A Bahraini bank cashier claims to have been hypnotised into parting with 900 BD (around $AD2700) by a family of robbers. The bandits apparently approached the cashier claiming they were overseas visitors wanting to exchange foreign currency. They then allegedly put the cashier under the influence of hypnosis and entranced, he handed over the cash.

I'd like to invite the bandits over to my place - maybe they could hypnotise my daughter into not watching the Sound of Music for the 654th time.

Watch this space for more GDN gems...

Saturday, August 15, 2009

Mango man and me

I love mangoes. Sure, Australia and more specifically Queensland is famous for mangoes but as much as I'm a fan of home-grown and Australian-made, I'm sorry to say that in my humble opinion, Australian mangoes have nothing on the varieties offered by the Indian sub-continent (mainly from India and Pakistan) which are predominantly available in the Gulf. This is a tried and tested theory (based on my own comparative study:)) Though born and raised (for most of my life) in Australia, I have a sub-continental heritage and mango-loving is in my blood. My parents love them, their parents loved them and as mangoes have been the fruit of choice in the sub-continent for a lot longer than they have been in Australia, I'm sure that their parents loved them before that.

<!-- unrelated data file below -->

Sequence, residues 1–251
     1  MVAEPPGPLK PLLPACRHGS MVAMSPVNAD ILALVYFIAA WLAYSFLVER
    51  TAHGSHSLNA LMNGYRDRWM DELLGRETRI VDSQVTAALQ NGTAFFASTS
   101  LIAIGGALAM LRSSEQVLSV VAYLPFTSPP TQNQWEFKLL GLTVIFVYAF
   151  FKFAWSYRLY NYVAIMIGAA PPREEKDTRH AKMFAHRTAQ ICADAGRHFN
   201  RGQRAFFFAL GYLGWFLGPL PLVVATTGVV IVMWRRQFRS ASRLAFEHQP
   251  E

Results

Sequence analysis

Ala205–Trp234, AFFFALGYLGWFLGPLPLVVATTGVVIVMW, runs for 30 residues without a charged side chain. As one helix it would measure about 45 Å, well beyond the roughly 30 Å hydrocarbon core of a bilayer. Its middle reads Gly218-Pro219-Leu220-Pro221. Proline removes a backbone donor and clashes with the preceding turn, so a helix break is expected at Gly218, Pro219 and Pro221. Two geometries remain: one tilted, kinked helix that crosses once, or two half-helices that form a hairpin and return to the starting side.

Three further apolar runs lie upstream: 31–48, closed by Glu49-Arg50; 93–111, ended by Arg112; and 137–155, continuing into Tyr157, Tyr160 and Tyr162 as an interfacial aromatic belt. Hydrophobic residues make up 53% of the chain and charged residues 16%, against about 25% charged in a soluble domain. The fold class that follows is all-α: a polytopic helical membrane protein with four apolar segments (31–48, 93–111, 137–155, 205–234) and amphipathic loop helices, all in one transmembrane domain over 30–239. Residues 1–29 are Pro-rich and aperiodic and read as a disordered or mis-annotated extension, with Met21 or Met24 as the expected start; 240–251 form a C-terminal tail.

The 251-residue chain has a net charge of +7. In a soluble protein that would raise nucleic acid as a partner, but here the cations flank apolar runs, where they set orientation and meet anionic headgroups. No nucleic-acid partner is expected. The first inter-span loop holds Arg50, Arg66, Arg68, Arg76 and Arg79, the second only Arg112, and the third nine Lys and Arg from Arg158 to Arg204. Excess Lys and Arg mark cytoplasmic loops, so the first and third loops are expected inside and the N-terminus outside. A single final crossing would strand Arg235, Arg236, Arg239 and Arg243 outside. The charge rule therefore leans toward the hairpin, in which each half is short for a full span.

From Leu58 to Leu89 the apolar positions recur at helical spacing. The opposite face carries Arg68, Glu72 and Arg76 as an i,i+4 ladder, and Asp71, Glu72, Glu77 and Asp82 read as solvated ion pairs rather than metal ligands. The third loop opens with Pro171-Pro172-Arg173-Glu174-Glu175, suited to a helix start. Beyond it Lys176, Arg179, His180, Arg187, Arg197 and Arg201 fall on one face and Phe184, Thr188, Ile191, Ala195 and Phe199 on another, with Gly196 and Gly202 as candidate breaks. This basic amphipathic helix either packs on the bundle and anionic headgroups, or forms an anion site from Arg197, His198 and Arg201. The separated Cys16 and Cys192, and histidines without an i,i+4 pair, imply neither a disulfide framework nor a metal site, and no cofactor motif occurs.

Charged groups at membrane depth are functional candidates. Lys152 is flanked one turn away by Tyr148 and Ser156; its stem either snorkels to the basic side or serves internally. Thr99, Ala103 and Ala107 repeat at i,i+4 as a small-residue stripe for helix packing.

One advantage of being here over the long, hot Summer has been having the chance to enjoy the sweet, succulent fruit - virtually on tap. To begin with, I tested out one of the major supermarket chain's "World of Mangoes" promotion, where they boasted having 101 varieties in stock. I tried a couple of varieties and although reasonably tasty and aromatic, I was sure there was something better out there waiting for me. And that's when I found my dealer, my 'mango-walla'. There he was, about a block away from my place, walking the streets, selling his wares and fuelling people's addictions. I was destined to become one of his best customers.